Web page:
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TNDP: Stevens Admits Wrongdoing in Karas’ Estate Alteration

Press release from the Tennessee Democratic Party; September 19, 2012: 

State Senate Candidate Stevens Admits Own Wrongdoing In Signed Affidavit and Here it Is. John Stevens, the Republican state Senate candidate in District 24, admitted — in a signed official affidavit — to preying on an elderly, dying woman.

This is Lt. Gov. Ron Ramsey’s pick… and Congressman Steve Fincher’s pick… and Sen. Bob Corker’s attending an event with Stevens on Oct. 2..

What do they think about a man who would commit a fraudulent act to alter a dying woman’s estate and deny the cancer-stricken children of St. Jude’s of additional resources?

John Stevens office number: (731) 986-9742
Carol Andrews: 615-347-0193

http://www.wcmt.com/?p=3167

WCMT.com: Thompson Email Alleges Wrongdoing September 18th, 2012 – By Charles Choate

MARTIN – Carol Andrews, Campaign Manager for District 24 State Senate Candidate Brad Thompson, today released official court documents showing that candidate John Stevens admitted to an unethical and unlawful act involving interference with the wishes of a dying woman to leave her estate to helping sick and troubled children.

In 2010, Stevens signed an official affidavit admitting to his wrongdoing. Andrews made the following statement and provided background materials on the story:

“Some disturbing news has come to my attention regarding our opponent in this race. This is an incredible story and one that voters deserve to know. It illustrates that John Stevens is a man who simply cannot be trusted.

“The story I am relating is all readily available in the Circuit and Chancery Court Clerks’ offices in the Carroll County Courthouse just across the street from John Stevens’ law office.

Official court documents show that John Stevens broke Tennessee law by interfering with a dying woman’s wish to leave her estate to St. Jude’s Children Hospital – to a hospital known around the world for caring for children with cancer — and Youth Town of Tennessee, a center here in West Tennessee that helps troubled youth.

“According to official court documents, John Stevens lied to nurses in a Jackson hospital to gain access to the dying woman’s bedside to tear up her will.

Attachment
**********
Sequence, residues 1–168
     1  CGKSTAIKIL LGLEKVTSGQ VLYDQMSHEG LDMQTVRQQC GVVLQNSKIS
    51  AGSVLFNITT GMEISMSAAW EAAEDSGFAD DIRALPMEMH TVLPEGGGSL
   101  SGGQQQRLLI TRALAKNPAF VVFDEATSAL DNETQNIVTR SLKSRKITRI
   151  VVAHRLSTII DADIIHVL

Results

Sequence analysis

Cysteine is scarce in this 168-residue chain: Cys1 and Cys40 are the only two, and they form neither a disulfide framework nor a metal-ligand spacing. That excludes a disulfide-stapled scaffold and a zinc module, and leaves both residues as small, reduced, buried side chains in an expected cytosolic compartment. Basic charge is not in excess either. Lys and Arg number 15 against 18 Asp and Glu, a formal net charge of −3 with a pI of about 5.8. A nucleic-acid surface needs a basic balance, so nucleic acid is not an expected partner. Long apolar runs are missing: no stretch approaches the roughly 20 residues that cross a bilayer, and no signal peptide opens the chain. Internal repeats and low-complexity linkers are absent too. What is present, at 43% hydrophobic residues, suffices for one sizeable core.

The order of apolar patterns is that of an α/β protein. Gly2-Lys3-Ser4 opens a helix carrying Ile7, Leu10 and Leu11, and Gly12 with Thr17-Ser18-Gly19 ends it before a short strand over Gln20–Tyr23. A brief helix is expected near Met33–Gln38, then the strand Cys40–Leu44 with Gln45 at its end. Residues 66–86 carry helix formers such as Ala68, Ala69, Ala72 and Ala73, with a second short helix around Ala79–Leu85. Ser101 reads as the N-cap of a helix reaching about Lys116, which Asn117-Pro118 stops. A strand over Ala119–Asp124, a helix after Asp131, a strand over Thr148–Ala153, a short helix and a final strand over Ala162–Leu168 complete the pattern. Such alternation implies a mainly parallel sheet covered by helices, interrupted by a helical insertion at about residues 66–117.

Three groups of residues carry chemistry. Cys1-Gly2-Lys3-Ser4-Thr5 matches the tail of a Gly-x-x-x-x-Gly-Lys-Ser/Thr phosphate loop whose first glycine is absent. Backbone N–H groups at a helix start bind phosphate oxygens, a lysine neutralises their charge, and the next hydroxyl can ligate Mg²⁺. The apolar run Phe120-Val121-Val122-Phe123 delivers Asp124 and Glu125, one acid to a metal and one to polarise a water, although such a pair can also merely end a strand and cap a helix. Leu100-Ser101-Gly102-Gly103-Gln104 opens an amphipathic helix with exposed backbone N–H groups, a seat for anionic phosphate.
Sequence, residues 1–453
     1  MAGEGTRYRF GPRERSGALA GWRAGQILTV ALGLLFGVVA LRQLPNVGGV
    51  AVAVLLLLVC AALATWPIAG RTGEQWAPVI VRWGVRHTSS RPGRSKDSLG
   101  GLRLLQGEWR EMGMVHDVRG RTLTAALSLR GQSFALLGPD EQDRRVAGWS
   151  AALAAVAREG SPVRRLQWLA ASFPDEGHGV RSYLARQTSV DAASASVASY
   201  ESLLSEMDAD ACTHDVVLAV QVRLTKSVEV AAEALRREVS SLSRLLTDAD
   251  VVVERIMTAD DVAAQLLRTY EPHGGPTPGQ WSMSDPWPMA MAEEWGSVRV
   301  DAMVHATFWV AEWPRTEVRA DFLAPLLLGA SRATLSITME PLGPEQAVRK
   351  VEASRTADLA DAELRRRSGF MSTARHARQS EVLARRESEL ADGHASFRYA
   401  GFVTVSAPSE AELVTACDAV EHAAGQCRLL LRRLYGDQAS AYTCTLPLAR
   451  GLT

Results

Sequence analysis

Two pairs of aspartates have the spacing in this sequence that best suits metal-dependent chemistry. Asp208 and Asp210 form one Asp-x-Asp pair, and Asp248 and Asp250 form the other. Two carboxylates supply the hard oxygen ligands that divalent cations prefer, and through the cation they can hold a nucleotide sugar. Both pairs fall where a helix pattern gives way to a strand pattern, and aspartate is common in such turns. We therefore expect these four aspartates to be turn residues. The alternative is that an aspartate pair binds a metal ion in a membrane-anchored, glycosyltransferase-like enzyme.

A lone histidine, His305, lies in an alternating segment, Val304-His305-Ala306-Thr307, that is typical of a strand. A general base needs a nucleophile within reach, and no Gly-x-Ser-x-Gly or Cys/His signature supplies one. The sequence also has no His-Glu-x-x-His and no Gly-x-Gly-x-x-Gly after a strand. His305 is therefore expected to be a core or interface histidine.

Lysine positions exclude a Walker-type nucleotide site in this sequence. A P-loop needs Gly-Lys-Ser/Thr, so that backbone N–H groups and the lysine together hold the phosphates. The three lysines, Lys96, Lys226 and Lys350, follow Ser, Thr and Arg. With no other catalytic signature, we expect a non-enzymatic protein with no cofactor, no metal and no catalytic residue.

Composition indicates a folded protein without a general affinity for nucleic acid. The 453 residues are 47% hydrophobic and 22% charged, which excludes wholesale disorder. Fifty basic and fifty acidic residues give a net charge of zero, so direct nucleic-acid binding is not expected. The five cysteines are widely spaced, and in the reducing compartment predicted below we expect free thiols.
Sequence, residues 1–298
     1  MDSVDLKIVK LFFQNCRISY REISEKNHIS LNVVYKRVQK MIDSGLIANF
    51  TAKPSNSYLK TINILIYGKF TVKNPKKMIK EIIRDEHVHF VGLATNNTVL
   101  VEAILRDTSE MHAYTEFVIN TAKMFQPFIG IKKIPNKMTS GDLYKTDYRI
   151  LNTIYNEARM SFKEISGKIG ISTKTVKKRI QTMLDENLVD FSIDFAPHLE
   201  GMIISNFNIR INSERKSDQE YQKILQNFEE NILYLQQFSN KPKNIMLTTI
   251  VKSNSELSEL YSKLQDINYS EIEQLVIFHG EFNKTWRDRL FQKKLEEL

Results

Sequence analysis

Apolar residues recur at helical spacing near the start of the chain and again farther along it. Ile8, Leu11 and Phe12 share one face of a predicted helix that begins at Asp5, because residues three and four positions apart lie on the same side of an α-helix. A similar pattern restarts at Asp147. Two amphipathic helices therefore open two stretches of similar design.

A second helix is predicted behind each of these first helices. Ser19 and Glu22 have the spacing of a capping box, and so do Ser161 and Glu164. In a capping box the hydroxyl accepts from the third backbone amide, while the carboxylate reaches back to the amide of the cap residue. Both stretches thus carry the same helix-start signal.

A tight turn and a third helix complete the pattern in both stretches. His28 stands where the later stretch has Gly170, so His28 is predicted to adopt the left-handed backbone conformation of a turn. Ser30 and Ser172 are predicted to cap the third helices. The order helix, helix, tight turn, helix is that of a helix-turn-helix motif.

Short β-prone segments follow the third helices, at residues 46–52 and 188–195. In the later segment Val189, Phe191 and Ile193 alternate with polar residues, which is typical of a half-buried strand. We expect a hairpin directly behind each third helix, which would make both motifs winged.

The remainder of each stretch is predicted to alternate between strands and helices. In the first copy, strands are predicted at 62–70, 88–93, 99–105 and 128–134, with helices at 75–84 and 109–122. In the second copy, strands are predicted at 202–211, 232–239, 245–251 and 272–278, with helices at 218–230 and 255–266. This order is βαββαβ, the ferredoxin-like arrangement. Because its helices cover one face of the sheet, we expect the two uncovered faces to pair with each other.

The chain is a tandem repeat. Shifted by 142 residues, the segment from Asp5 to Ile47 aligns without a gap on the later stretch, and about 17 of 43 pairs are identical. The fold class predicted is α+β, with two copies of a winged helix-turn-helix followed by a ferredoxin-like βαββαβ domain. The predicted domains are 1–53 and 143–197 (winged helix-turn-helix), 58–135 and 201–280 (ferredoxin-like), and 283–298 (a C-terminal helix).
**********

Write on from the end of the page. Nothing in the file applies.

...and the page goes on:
“Her name was Ruth Karas.

“Mrs. Karas was in a coma. John Stevens had already drawn up other papers putting other people in control of the woman’s estate.

“Mrs. Karas died a day after John Stevens tore up her will.

“John Stevens’ acts were unethical and according to the Tennessee Code Annotated, a felony.

“On his web site, John Stevens claims that “he is an attorney in private practice helping families and farmers with elder law and estate planning,” yet he helped prey upon an elderly woman as she lay dying.

“John Stevens later signed an official affidavit admitting that he committed this act. He agreed with a nurse’s deposition that he tore up the will of an elderly woman as she lay dying in a coma. John Stevens had even been so craven as to ask this nurse to video his act on his telephone.

“John Stevens was not the dying woman’s attorney and had not previously been involved in her will.

“According to Tennessee Code Annotated, Stevens’ act is against the law. It is most certainly unethical and heinous to interfere with a dying woman’s wish to leave her estate to an interest to help children with cancer.

“Voters deserve to know this about John Stevens. This shows that he certainly cannot be trusted.”

Background, according to Official Court documents:

Widow Ruth Karas of Huntingdon had sizeable estate – in six figures.

In 2002, with attorney Walton West, she executed a will leaving her entire estate to be split equally to St. Jude and Youth Town.

In 2003, Ruth Karas executed a new will, again with attorney Walton West, that was similar to the first but carving out $100,000 in trust for her brother, Earl Allen, should he survive her.

On November 11, 2009 as Ruth Karas lay dying, Peggy and John Wilkes asked John Stevens to prepare a Power of Attorney for Mrs. Karas.

Peggy Wilkes had a confidential relationship with Ruth Karas so knew of her funds and estate plans.

Walton West was Ruth Karas’ attorney; not John Stevens.

John Stevens prepared the Karas Revocable Living Trust, which Peggy Wilkes executed under Power of Attorney. The Trust allowed Peggy Wilkes and Earl Allen to divide the Karas assets equally upon Ruth Karas’ death. [Numerous court documents]

Ruth Karas intended her assets to benefit troubled teens and children with cancer, not John and Peggy Wilkes.

On November 15, 2009, John Stevens went to work. He concocted a tale to gain entry to Ruth Karas’ beside in ICU at Jackson-Madison County General Hospital. He told nurse Amy Naylor he was Ruth Karas’ attorney to gain access. While there, he tore up Ruth Karas’ will that left her estate to St. Jude and Youth Town – the will intended to help children with cancer and troubled teens.

Nurse Amy Naylor said in deposition that John Stevens told her Ruth Karas had called for him to come on business about her estate. Amy Naylor informed him that Ruth Karas was in ICU and in a coma. John Stevens lied and told her Ruth Karas called before she had been moved to ICU in a coma. He told Amy Naylor he must tear up the will in her presence.